The one moron who ended up with the ball was ejected (or at least, he was being talked to by security on TV right after the play). That made me happy, but didn't really soften the blow of losing a run in a two-run game. What did soften the blow was Kevin Youkilis following up the "double" with a home run of his own, making the score 14-10(!) in the bottom of the 5th.

Slightly off-topic, this Texas team is crazy. Their pitching is so bad that Scott Feldman gave up 10 runs in the first inning tonight, and he still ended up pitching into the third. But even after the 10-spot, their offense is so good that I was worried after they got two right back in the top of the second, and sure enough, they closed the gap to 12-10 after four and a half. I have a mid-term tomorrow - I can't handle a 4-hour slugfest tonight.

Thursday, August 07, 2008

Visualizing the Platoon

There's a lot to digest, but this Dan Brooks article about the platoon split was really interesting. I've often heard the theory that it's easier to hit a ball moving towards you than one moving away from you, but I've never completely understood why it would make such a huge difference.

Instead, you sometimes hear players say that they see the ball much better when the pitcher throws with the opposite hand, but this is the first time I've seen someone actually show how pitches look different depending on which batters' box you're standing in.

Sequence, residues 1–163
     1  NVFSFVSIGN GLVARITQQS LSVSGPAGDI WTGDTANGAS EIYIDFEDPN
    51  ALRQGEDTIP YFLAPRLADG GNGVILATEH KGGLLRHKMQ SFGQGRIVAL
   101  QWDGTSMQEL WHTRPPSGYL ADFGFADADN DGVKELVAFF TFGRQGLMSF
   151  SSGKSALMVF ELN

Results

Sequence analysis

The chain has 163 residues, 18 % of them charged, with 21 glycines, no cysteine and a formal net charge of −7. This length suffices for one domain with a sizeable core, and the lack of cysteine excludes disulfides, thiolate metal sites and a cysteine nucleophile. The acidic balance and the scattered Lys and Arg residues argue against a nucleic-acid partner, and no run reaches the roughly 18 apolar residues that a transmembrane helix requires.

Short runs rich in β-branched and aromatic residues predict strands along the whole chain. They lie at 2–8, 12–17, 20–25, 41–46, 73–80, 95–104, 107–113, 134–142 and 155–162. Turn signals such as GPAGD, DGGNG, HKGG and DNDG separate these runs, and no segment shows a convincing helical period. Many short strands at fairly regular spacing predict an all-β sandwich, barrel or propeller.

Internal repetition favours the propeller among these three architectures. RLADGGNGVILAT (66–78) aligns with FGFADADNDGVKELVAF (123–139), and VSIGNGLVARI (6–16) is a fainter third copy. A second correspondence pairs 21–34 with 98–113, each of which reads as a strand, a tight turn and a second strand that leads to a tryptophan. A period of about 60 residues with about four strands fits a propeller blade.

These two graphs show Justin Masterson's fastball and slider from both batters' boxes (the first one is the view for righty batters, the second for lefties). You can see how a lefty could distinguish the slider from the fastball much more easily than the righty. Shifting a few feet to the side (even from 60 feet away) gives you a much different view, especially when the pitcher has a low arm angle like Masterson.

Tuesday, July 29, 2008

Um, That Sucks?

Admittedly, I haven't been to many games at Fenway this year. I went to a Yankee game in May, and the 1-0 Beckett-Chamberlain game on Friday, but that was it, until tonight. Of course, I was almost at the Royals game that sits immediately below this post yet was two and a half months ago, but that doesn't count. Almost doesn't mean anything in baseball.

After missing my chance to see Lester's no-hitter, I started to wonder if I would ever see one. I mean, what are the odds? Ross has seen a no-no and a perfect game, but that was during a ridiculous string of luck at Yankee Stadium. In my lifetime, three no-hitters have been thrown at Fenway Park, and they've all happened in the last six years. That's a streak, but it's also a sign that Fenway's luck is about to run out. After turning down tickets to Lester's gem, I figured my luck had run out, too.